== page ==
The impact of climate, population, and carbon dioxide on water resources
August 2013 - This new study combines the effects of changes in carbon dioxide, climate, and population on projections of future global water resources.
- Higher carbon dioxide (CO2) concentrations in the future will change the way plants use water, and might help relieve the water stress caused by a larger global population and climate change.
- Population growth is projected to be the main driver of an increase in the number of people experiencing water stress in 21st Century.
- Climate change is projected to be less important, and may actually decrease the global number of people in water stress - although regionally there will be winners and losers.
Projections suggest that the population of the world will increase substantially in the 21st century, peaking at near 9 billion in the 2050s, before the growth levels off later in the century.
This large number of extra people will need water; for their agriculture, industry, and domestic consumption. Changes in weather due to climate change will affect the water resources available to this expanding population.
A new modeling study led by Met Office scientist Andy Wiltshire attempts to link changing population with the impact of climate change and carbon dioxide (CO2) on 21st century water resources. This study found an overall increase in the levels of water stress over the 21st Century, as illustrated in the figure above.
This increase is mainly the result of population growth, with around 65% of the population projected to be exposed to some level of water stress at the time of peak population. By the end of the century it is estimated that around 4 billion people will live in regions of high water stress due to population change.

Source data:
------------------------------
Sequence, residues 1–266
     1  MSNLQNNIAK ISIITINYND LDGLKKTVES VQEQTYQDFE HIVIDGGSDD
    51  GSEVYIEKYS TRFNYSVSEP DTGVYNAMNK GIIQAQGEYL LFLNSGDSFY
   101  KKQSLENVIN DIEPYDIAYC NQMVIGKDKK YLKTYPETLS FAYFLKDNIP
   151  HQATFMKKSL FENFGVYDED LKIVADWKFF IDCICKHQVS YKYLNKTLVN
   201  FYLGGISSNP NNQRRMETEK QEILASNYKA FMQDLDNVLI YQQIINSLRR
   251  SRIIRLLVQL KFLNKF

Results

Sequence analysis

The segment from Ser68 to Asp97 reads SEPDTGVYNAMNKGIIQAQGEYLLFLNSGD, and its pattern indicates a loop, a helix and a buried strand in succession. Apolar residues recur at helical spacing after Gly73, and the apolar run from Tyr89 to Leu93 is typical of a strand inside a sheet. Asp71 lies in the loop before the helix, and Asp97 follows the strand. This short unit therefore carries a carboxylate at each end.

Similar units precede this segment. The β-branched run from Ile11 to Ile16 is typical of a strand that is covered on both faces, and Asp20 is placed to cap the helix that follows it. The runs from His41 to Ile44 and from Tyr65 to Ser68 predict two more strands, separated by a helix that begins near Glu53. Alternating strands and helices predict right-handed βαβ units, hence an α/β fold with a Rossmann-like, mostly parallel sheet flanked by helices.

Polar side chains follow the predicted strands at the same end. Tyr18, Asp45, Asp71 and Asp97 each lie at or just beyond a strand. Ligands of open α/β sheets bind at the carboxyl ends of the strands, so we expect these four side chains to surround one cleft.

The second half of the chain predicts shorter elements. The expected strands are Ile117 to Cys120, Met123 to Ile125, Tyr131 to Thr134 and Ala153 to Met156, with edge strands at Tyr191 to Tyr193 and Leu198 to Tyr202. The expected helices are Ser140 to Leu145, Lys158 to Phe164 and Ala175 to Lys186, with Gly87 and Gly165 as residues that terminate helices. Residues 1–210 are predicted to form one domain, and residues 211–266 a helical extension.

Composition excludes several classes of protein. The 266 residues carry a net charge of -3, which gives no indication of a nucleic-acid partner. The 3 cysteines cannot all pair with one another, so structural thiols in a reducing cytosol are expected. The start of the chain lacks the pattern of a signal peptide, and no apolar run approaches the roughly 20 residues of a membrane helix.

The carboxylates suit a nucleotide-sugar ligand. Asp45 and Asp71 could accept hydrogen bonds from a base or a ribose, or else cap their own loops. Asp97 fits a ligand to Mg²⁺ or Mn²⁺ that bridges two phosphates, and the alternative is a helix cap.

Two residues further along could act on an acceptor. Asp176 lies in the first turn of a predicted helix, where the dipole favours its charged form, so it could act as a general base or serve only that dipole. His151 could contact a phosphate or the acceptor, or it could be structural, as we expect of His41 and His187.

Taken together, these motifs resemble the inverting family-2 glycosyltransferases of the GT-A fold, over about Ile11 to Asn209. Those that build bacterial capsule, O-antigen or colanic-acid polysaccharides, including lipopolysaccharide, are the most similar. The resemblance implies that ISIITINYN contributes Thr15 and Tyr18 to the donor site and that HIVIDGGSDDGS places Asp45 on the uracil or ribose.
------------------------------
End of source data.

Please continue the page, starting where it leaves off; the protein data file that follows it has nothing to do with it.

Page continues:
Climate change will affect both rainfall and evaporation - both important factors influencing available water. Overall, this study found up to 1 billion less people living in high water stress by the end of century than would have been the case without climate change. However, there are winners and losers in this study as climate change acts to increase water availability in some regions and decrease it in others.
The increase in CO2 in the atmosphere is one of the main contributing factors leading to climate change. However, CO2 also affects plants directly. One of the side effects of increasing atmospheric CO2 is to reduce the amount of water plants need to grow. This 'CO2 effect' increases the amount of water available for human consumption.
When you include the CO2 effect, the number of people living in a state of high water stress is reduced by around 200 million compared to population growth and climate change alone. Importantly, the 'CO2 effect' leads to fewer people living in water stress for most of the regions of the world, unlike the effects of climate change which lead to large regional differences in water availability.
This research shows that there are potentially important implications from the particular mix of greenhouse gases and the future level of warming on the impacts of climate change. There may be some benefits of climate change in the face of rapid population growth, most strongly felt if the climate change is driven by increasing atmospheric CO2 rather than other greenhouse gases (GHGs). If CO2 is mitigated at the expense of other GHGs it may be that the benefits of CO2 on water resources are reduced but the impacts of climate change are still felt. This has implications for global GHG emissions targets that aim to limit climate change according to temperature targets alone.
Importantly, this study only deals with one aspect of climate impacts on water resources. Other studies, entirely consistent with the results presented here, have shown that climate change affects other parts of the water system, enhancing the risks of flooding and drought.
Wiltshire, A. J., Gornall, J., Booth, B. B. B., Dennis, E., Falloon, P., Kay, G., McSweeney, C., McNeall, D., and Betts, R. A.: The importance of population, climate change and CO2 plant physiological forcing in determining future global water stress., Global Environmental Change 2013.